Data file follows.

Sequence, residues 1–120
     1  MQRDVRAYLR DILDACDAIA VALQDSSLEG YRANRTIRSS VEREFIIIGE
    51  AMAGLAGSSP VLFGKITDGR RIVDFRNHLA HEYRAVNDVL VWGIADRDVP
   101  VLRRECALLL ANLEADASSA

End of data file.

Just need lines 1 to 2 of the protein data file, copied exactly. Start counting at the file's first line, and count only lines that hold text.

Sequence, residues 1–120
     1  MQRDVRAYLR DILDACDAIA VALQDSSLEG YRANRTIRSS VEREFIIIGE